The Mustang is quite a straightforward aircraft to operate and I didn’t have any problems remembering how to get the engine started and bring the systems on to line, taking care not to over-prime, of course, as I’m sure you’ve all seen what a carb fire in a Merlin looks like.
Taxying isn’t easy because of that unfeasibly long nose and I was extremely careful as we manoeuvred out to the holding point, keeping the tailwheel lock in with aft stick for all but the tightest of turns, and at one point handing control to Frederic while I programmed the GPS for a local airfield we would transit for some circuits.
Infamous Sint Truiden
This airfield turned out to be the infamous Sint Truiden, a Belgian military aerodrome captured by the Germans in 1940 and used as a Messerschmitt 109 and Stuka base during the Battle of Britain, a bomber base during the Blitz and defensive Focke Wulf 190 base in the closing stages of the war.
It was regular practice for P-47 and P-51 fighters escorting our bombers to strafe Sint Truiden on the way over and I couldn’t help wondering if Scat VII had seen any action there in the hands of Robin Olds.
I take back control (keying in that GPS ‘direct to’ took me far too long), carefully check the approach and line up on the hard runway, running forwards a few feet with the stick now hard back to ensure that the tailwheel has locked. After a quick health check of the Merlin at a low power setting, I advance the throttle smoothly while keeping the nose exactly straight with right rudder (we preset six degrees right rudder trim to help matters).
But not all the way on the throttle ? first to a slightly deafening 46 inches manifold pressure then up to an ear-splitting 55 inches as we pass fifty knots, the tail feeling as if it is being blown upwards by the prop wash as I push the stick forwards to the desired ‘tail-down wheeler’ attitude.
At the same time I am feeding in more right rudder to counter everything trying to take me off the left side of the runway: the P effect of the propeller ? the precession of that enormous gyroscope as it is tilted forward; even the extra drag on the left tyre as it is driven hard into the runway by the torque of 27 litres of Merlin up front. Oh, and a crosswind from the left!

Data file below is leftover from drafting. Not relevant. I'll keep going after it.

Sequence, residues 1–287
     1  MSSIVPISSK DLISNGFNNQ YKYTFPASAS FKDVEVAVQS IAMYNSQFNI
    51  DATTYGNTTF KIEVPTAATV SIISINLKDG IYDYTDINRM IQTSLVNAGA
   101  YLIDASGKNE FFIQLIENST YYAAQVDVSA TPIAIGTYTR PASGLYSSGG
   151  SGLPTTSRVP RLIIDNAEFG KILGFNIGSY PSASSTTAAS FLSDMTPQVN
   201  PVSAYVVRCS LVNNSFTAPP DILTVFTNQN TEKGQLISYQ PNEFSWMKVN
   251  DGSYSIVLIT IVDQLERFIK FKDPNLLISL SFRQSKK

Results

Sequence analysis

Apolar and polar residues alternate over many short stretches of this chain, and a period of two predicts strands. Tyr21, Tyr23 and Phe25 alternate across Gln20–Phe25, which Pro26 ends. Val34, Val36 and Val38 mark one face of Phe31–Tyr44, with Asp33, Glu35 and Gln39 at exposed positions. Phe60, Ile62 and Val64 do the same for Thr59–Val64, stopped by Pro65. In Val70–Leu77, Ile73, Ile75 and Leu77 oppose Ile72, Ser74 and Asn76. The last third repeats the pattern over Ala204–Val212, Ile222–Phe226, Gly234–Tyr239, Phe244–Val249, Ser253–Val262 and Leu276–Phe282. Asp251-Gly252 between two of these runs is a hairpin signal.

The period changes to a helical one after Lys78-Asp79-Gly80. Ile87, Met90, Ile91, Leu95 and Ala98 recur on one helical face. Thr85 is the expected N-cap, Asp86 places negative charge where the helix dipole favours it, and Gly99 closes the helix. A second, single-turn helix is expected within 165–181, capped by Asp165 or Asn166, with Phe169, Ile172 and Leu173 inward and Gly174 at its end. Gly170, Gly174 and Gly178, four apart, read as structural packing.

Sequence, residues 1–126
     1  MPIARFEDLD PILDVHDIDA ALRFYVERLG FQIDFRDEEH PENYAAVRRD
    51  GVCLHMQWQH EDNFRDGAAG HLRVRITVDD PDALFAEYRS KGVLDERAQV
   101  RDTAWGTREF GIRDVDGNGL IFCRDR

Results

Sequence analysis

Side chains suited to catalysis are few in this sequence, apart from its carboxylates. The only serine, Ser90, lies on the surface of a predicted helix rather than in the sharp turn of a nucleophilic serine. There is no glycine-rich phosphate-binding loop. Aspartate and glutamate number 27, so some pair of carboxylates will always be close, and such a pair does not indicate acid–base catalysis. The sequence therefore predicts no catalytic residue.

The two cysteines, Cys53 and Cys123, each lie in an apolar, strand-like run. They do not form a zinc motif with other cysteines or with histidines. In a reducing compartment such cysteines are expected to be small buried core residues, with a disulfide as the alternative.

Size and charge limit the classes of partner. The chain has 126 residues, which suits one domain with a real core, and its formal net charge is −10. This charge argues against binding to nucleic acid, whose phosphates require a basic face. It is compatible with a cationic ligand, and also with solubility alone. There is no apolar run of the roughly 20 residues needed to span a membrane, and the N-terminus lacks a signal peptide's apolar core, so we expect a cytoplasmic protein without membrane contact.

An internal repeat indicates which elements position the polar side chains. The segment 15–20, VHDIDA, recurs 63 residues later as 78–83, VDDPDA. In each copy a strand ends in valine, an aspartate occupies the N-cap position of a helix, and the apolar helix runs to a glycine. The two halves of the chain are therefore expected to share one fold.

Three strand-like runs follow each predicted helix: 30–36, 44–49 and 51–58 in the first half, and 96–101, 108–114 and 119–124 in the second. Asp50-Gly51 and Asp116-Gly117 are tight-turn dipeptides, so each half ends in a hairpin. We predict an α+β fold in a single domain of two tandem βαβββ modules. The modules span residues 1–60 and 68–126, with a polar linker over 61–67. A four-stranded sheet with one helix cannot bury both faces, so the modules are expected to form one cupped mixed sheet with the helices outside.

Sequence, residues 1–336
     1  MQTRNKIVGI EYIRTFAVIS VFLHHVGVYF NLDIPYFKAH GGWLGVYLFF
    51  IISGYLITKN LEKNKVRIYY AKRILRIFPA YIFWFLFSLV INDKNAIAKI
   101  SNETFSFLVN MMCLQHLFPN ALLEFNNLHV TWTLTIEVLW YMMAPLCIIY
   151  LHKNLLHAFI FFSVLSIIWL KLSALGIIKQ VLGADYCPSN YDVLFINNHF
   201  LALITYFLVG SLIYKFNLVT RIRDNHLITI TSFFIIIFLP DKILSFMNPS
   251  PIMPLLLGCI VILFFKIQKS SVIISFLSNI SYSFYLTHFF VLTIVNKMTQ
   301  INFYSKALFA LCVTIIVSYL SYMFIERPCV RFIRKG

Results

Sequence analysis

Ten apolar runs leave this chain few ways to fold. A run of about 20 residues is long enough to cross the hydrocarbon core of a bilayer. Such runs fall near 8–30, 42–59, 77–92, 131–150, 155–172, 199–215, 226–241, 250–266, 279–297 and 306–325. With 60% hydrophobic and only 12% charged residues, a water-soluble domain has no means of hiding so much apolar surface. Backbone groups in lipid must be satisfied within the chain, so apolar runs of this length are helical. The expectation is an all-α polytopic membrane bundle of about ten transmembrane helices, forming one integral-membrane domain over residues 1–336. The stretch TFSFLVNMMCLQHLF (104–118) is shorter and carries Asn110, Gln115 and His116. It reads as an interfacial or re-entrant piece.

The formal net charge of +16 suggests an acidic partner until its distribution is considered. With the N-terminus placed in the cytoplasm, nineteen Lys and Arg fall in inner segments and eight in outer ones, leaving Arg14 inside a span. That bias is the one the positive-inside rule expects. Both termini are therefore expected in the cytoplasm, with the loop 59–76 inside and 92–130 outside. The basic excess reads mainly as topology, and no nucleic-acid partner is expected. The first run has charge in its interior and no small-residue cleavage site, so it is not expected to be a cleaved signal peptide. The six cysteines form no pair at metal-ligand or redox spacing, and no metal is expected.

At little over ninety knots she is ready to fly ? a deft pull on the stick and she is off cleanly.
I reach down the left cockpit wall, lift the undercarriage lever outward and up, then pull the power back to 46 inches and reduce the revs by 300 to 2,700 rpm for the climb. No time to waste, we need to start a turn to the right to avoid overflying the city and instead follow Antwerp’s version of the M25 as the safest course above the urban sprawl beneath us.
The controls are firm but responsive, the aircraft stable but bidable, control harmony perfect. At 2,000 feet we level off, the ASI nudging 250kt without trying, and I’m settling down, at home again in the best aircraft I have ever flown.
The intensity of the flying meant I didn’t have time to think too much about my hero Robin Olds or the significance of doing circuits at a WWII Luftwaffe fighter base until well into the flight home to England in the two Toms’ Cherokee 6. Only then did it fully hit me that I had just had one of the best flying days of my life.
How can I fly the P-51 Mustang?
The boys from Belgium really have made flight training in a Mustang accessible to pilots in Europe. The basic price is €3,000, plus VAT, per hour. Packages for joy-rides start at €2,200 all in. Check out Vintage Dream Factory at Vintage Flights.